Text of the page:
|The MGA With An Attitude
MGA Twin Cam FRAME and BODY VARIATIONS - TC-201
One of the first changes to the MGA frame to accommodate the Twin Cam engine was to place the steering rack about an inch farther forward to clear the extended crankshaft pulley position.
Very early in production five holes were added in the front cross member to allow easy access to the front bolts of the engine sump. If you have an early Twin Cam car which does not have these holes, you can add them as prescribed by the factory. From gathered statistics car no. 600 does not have the holes and 602 does, so it appears that the first 100 Twin Cam frames did not have them.
On the frame the right side engine mount is different, smaller and square rather than rectangular. This is to accommodate a lower position of the generator on the Twin Cam engine.
The frame bracket for mounting the fuel pump near the right size battery carrier is different to accommodate the higher output fuel pump used for the Twin Cam engine.
There is also a bracket on the chassis on the right side to stabilize the accelerator cable. The starter switch bracket is different, partly welded, partly bolt-together, and includes mounting for the oil pressure gauge signal lines connector (pictures below).
The MGA Twin Cam model has four wheel disc brakes with separate master cylinders for brakes and clutch. Thus the mounting bracket for the master cylinders is different (as well as the pedals). The bolt pattern in the frame is different to suit the master cylinder bracket, and spacing of other bolts along the top of the goalpost is also changed.
Use of the mirror image heater box for the Twin Cam car (to put the air intake hose on the left) required the rectangular aperture in the heater shelf to be moved to the right to retain centering of the overall housing of the box. Mounting bolt locations moved accordingly along with the aperture. This was a change to body metal only which did not affect the frame weldment. The heater blower then rotates in the opposite direction. The fuse box, flasher unit, and 1500 type turn signal relay are all relocated farther to the right on the bulkhead to clear the left side position of the heater blower motor.
Note that these body changes to accommodate the mirror image heater assembly are unique to the Twin Cam car, and are not found on the "Deluxe" model. This is to emphasize the fact that the "Deluxe" body is also unique in some respects, not like the Twin Cam or the standard body.
Another change was to add a bulge in the high right side of the gearbox tunnel at the front end to accommodate the higher starter position of the Twin Cam style gearbox. Nine months later the same change would be incorporated into the pushrod engine cars with introduction of the 15GD engine and gearbox with high starter position. Note that this change did not affect the frame weldment, but only the shape of the front tunnel section, the separate sheet metal bulkhead plate, and the plywood toe board.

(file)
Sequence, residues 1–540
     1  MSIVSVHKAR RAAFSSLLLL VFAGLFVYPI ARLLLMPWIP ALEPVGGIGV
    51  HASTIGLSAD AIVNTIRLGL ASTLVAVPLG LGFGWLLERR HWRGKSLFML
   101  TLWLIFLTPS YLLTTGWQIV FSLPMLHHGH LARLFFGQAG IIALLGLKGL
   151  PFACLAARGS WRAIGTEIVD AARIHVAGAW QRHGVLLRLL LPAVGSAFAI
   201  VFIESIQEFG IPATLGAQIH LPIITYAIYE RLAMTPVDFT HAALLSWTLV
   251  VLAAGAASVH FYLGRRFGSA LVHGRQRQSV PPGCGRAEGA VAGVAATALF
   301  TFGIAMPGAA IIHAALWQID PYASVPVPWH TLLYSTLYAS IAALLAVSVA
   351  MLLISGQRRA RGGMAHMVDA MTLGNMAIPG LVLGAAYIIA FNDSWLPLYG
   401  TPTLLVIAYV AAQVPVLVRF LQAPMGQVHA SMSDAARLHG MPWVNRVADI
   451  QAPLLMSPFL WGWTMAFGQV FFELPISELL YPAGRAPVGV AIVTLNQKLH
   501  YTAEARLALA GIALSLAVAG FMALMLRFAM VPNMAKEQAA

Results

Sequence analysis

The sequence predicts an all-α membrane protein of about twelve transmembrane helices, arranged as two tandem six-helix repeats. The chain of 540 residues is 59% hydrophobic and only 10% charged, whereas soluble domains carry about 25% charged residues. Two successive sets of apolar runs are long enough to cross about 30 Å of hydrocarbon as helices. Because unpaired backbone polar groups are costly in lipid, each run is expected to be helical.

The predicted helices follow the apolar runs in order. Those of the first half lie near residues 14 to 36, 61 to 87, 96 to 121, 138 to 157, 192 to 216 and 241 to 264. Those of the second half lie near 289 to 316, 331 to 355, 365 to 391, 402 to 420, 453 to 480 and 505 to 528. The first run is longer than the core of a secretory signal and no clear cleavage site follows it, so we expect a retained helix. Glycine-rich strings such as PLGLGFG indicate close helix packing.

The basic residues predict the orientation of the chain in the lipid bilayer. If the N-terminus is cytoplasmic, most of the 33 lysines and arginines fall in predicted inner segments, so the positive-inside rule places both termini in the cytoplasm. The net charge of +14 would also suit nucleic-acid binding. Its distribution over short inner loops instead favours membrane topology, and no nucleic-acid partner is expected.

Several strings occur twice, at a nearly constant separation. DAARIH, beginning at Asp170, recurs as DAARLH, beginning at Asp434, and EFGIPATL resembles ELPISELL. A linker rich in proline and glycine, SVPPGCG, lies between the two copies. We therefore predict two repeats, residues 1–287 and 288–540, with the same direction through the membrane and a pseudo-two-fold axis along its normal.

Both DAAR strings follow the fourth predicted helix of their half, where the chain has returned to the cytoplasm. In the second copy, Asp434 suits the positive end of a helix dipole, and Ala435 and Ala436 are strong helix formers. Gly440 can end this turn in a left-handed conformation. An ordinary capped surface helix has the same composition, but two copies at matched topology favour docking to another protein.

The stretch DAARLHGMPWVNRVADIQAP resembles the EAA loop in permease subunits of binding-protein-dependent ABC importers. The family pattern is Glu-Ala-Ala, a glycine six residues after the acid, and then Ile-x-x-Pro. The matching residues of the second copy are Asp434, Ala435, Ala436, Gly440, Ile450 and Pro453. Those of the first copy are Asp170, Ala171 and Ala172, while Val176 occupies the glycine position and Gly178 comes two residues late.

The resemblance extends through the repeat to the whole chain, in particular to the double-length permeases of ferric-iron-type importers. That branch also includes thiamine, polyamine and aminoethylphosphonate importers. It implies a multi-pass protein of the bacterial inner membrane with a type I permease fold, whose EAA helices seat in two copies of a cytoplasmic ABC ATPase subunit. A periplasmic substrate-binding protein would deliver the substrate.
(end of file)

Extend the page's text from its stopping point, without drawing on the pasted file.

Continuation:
As the radiator is moved farther forward for the Twin Cam car, the radiator mounting diaphragm in the main body weldment is moved forward, and the horizontal air pan ahead of the radiator is shortened accordingly. This puts the radiator closer to the body brace which carries the bonnet latch mechanism. The picture above shows the optional radiator blind mounted in front of the Twin Cam radiator, with no space left for manual access to the area behind the grille.
To accommodate the forward height of the Twin Cam engine, the bonnet crown height was increased. The forward cross brace in the bonnet was also moved forward to clear the Twin Cam engine cam covers, and an attachment point for the prop rod was added on the opposite side (so the proprod would not foul on the carburetors). A small notch was also added in the right side front to back bonnet frame brace to clear the dashpot damper on the front carburetor. This taller crown bonnet was shortly thereafter incorporated into the 1500 pushrod car as a matter of production efficiency. After Twin Cam production ceased in May 1960 the taller bonnet was retained through end of MGA production.
Five months into Twin Cam production (with slightly less than 100 cars produced) detachable panels were incorporated into the body front wheel arches for easier access to the engine components. Prior to this change some creative mechanics would add a slot in the right wheel arch for clearance for a long wrench for adjusting the dynamo and fan belt tension.
For the Twin Cam the inner fender has an additional indentation to clear the air filters. For those needing to replace this particular body part, it is possible to modify a standard body type inner fender to add this indentation. While it may be time consuming (and therefore relatively expensive) to do it right, there has been some discussion about not parting out an otherwise good Twin Cam body to get this part. The Twin Cam Coupe in particular is a very rare body type.
The 1600 body style was introduced in June 1959. Later in the same month chassis modifications were incorporated to accommodate installation of the front anti-roll bar. These changes were the same for the Twin Cam as for the 1600 pushrod engine cars, including indentation in the top of the front frame extension and modification of the spring pans and front wishbones.